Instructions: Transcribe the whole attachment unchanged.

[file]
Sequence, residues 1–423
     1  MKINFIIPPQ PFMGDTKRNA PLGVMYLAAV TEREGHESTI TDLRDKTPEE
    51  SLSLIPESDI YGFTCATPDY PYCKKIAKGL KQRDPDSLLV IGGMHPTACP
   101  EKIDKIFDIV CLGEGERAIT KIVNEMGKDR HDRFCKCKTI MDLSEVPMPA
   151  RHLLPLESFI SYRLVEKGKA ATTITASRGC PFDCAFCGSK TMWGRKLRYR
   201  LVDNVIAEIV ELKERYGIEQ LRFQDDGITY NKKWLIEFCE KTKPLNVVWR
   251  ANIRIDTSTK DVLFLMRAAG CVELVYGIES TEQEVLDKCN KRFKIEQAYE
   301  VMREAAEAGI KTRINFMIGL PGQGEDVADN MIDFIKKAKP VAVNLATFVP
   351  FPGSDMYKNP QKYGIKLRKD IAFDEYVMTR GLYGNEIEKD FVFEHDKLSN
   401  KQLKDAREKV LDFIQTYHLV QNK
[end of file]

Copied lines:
Sequence, residues 1–423
     1  MKINFIIPPQ PFMGDTKRNA PLGVMYLAAV TEREGHESTI TDLRDKTPEE
    51  SLSLIPESDI YGFTCATPDY PYCKKIAKGL KQRDPDSLLV IGGMHPTACP
   101  EKIDKIFDIV CLGEGERAIT KIVNEMGKDR HDRFCKCKTI MDLSEVPMPA
   151  RHLLPLESFI SYRLVEKGKA ATTITASRGC PFDCAFCGSK TMWGRKLRYR
   201  LVDNVIAEIV ELKERYGIEQ LRFQDDGITY NKKWLIEFCE KTKPLNVVWR
   251  ANIRIDTSTK DVLFLMRAAG CVELVYGIES TEQEVLDKCN KRFKIEQAYE
   301  VMREAAEAGI KTRINFMIGL PGQGEDVADN MIDFIKKAKP VAVNLATFVP
   351  FPGSDMYKNP QKYGIKLRKD IAFDEYVMTR GLYGNEIEKD FVFEHDKLSN
   401  KQLKDAREKV LDFIQTYHLV QNK